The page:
Saturday, August 31, 2019

Lessons from Caregiving #20: Wrestle. Embrace. Repeat.

(This post is part of a series. For previous posts in the series please see #1#2., #3#4#5#6#7#8#9#10#11#12#13#14#15#16#17#18, #19)

I crawled into the hospital bed next to my husband, wedging myself between the rail and his back. Wrapping my arms around him, I tried to soothe him back to sleep. After all, it was 1:00 in the morning and I had to be at work the next day. Despite my efforts, for the next hour he tossed about, wrestling in my arms while I told him that he needed his rest. Finally, he drifted back to sleep. After inching my way out of the hospital bed and back into my bed right next to him, I spent another hour with my 50-year-old muscles taking their time relaxing back into place. I reflected on how my husband trusted me enough to stay in bed even when he really didn't want to.

In the quiet, God spoke to my heart. "He's like you. You wrestle when all I'm trying to do is get you to rest in my arms. But that's ok, as long as you just trust me even when you are trying to look over My shoulder to see what is out there."

That moment was a shift for me. I had been making my relationship with God another "should" in my life. The thing that should literally be the least stressful part of my life had become stressful, because I was missing the bigger point: He is far more concerned that I hang in there with Him than about any "should" that I might worry about. 

John called this "hanging in there" a victory: "For everyone who has been born of God overcomes the world. And this is the victory that has overcome the world—our faith." (1 John 5:4)

My favorite Old Testament prophet is Habakkuk. I love how he feels the freedom to ask God hard questions, because I too am a questioner. As I processed my own "wrestling" tendencies, I came across an encouraging fact: The name "Habakkuk" means both "to wrestle" and "to embrace". If you think of the way a wrestler wraps his arms around his opponent, you have a pretty good idea of the word picture. The picture of Jacob "wrestling" with the angel of the Lord reflects a similar idea. In Hope in the Dark, Craig Groeschel puts it this way: "It's like that kind of hug that wants both to cling to you and to push you away". 

What I learned that night was that because of the disease that has affected his understanding, I know infinitely more than my husband about what is best for him. I know what needs to be done to keep him from over-fatigue or hurting himself. When he finally yielded to my efforts that night, my primary feeling was relief that he would be safe and rested. Similarly, God knows even more infinitely what is best for me, and He wants me to yield to His embrace, His protection. When I quit trying to get up and figure it out myself, He is relieved for me. But even in my wrestling, He remains there just loving me.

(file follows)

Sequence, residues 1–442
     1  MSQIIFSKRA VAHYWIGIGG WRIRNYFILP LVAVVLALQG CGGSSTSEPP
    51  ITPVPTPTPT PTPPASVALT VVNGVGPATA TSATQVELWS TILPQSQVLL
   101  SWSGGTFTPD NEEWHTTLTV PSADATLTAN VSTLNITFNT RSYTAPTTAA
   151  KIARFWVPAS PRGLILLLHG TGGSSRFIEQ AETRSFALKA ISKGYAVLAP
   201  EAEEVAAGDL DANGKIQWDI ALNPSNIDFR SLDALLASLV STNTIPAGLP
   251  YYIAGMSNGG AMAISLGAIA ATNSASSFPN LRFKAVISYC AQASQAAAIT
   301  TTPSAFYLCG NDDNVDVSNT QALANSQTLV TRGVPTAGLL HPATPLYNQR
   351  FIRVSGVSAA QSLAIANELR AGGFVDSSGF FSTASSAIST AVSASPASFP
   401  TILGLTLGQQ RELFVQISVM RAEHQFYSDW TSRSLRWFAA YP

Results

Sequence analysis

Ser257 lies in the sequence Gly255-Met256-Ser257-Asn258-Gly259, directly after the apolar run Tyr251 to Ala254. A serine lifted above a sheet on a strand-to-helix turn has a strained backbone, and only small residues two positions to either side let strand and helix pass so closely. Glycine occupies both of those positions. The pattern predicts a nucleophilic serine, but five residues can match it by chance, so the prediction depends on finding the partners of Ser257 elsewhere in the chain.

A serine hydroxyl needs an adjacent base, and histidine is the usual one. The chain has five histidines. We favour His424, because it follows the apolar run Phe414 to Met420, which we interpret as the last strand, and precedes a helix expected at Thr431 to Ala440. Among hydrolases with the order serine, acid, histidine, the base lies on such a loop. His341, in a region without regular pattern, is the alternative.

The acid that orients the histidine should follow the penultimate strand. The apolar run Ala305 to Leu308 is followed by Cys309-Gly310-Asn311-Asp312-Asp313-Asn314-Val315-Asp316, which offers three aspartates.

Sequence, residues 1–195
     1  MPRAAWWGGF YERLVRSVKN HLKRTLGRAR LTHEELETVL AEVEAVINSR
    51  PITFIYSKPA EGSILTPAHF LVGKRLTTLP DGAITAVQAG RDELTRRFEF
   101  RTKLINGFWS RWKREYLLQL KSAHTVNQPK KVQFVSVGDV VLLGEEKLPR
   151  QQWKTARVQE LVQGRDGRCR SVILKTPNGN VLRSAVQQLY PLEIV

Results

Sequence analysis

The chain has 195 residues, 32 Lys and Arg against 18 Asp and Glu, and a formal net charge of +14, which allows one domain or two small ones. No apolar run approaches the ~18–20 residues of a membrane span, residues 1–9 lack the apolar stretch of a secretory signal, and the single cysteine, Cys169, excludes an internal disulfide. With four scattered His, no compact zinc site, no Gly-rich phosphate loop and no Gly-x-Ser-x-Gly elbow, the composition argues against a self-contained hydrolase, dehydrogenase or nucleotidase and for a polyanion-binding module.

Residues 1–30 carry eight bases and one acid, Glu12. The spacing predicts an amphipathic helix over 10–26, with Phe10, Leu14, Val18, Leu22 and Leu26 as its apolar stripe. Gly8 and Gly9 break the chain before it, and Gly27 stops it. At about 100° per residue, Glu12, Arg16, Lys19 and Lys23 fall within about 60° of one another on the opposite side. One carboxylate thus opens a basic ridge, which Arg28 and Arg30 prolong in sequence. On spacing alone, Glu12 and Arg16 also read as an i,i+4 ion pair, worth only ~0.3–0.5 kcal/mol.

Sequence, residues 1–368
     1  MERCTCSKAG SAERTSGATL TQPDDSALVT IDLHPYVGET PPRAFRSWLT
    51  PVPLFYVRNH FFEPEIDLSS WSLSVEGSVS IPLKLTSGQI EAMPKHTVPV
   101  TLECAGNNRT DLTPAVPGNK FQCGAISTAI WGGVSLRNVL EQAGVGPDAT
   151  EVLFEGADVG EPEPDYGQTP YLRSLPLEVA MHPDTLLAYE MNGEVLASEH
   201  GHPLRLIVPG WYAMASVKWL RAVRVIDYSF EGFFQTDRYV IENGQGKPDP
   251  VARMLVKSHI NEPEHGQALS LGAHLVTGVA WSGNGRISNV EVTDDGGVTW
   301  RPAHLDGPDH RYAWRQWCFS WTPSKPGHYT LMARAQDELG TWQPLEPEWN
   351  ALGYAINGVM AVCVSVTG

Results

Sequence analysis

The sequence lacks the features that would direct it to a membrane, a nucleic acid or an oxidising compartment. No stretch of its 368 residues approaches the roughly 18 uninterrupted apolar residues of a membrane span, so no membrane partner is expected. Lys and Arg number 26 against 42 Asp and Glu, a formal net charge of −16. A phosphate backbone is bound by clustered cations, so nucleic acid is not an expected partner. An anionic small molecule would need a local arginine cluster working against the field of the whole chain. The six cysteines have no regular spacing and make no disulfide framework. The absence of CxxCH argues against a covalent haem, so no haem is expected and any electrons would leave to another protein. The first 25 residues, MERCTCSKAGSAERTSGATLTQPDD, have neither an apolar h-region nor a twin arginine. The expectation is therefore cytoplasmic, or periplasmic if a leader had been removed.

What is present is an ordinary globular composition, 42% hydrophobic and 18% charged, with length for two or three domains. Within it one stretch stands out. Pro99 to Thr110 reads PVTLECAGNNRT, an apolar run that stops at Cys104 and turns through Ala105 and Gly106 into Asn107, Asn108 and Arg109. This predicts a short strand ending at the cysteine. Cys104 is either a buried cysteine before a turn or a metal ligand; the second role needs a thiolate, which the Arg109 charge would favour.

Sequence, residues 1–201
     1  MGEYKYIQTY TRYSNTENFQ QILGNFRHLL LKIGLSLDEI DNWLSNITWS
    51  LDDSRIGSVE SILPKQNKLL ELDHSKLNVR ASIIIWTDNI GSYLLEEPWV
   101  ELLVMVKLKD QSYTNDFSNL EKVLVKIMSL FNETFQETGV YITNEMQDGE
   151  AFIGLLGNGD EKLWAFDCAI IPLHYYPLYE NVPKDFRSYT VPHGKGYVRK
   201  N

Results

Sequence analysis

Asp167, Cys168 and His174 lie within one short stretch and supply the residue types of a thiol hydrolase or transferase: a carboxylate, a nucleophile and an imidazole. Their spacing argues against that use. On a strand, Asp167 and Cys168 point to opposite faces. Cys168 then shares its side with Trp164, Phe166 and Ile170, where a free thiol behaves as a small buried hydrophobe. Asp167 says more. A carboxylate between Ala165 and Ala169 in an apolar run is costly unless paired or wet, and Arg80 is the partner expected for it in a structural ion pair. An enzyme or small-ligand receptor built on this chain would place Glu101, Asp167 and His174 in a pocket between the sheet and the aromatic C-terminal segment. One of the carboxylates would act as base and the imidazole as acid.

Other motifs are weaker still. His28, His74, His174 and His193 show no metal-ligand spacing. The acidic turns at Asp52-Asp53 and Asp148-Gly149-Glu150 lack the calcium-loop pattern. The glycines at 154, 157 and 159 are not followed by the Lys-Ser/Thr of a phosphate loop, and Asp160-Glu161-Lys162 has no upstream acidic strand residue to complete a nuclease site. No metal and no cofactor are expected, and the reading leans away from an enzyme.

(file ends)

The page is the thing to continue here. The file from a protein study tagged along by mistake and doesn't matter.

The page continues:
I'm not the first one to figure this out. Habakkuk starts his prophecy with these words: "How long, Lord, must I call for help, but you do not listen?" (Hab. 1:2) That's wrestling if I ever heard it. Throughout the short book he asks a lot of questions - and doesn't get many answers. What he does get is an intimacy with God Himself. He ends his prophecy with the profound realization, "The Lord is in his holy temple; let all the earth be silent before him." (Hab. 3:20). 

My 'aha' moment that night came not in realizing that I "should" give up the wrestling forever, but that victory comes as I hold to faith by committing to do all my wrestling in His arms. He's with me even if the cycle looks like wrestle, embrace, repeat. 

Monday, April 29, 2019

Lessons from Caregiving, #19: Surrendering by Faith

(This post is part of a series. For previous posts in the series please see #1#2., #3#4#5#6#7#8#9#10#11#12#13#14#15#16, #17, #18)

I suppose somewhere out there is a Christian for whom "I surrender all" is a statement of fact. For the rest of us, though, it's a prayer of faith. And I'm learning to be okay with that.

I used to think of "faith" as something we had to muster up and try hard not to let slip away. Phrases like "she never complains" or "all I ever hear from her is praise" reaffirmed this perception. When I entered this caregiving journey and began walking through ambiguous grief, I assumed that was my goal. 

Then, I met Job. 

Oh, I thought I knew him. I knew that he praised God when he lost all his children and possessions. I knew he had enviable patience. I knew he would trust God through his trial even if it meant death. I'd been there, read the book, got the T-shirt. 

But then I came across Job again, this time from the perspective of someone walking through my own wrecking season. I walked through my own season of words meant for the wind. I wasn't always positive and didn't just talk about Scripture. I still don't. 

I began to see in Job a John 6:68 type of faith - he didn't know what was happening, he didn't understand it all, but he had an unshakeable faith that there was nowhere else to turn. So he processed his pain, his anger, his resentment - every feeling imaginable - within the context of that relationship. His religious friends who lacked that relationship watched on in confusion, but Job held firm.

I admire those with constant, unassailable trust. But Job teaches me that I can struggle through suffering and end up in a place of deeper trust. That I can hold on to the basics of who God is, knowing my Redeemer lives, and still have doubts and wrestling matches with my Maker. 

There is a need for a witness of trust and hope, for posting Scripture and statements of faith. But I think there is also a need for the witness of holding on to Jesus when all you can see is darkness.There is a time for telling of lessons learned, and there is a time for processing lessons still in progress.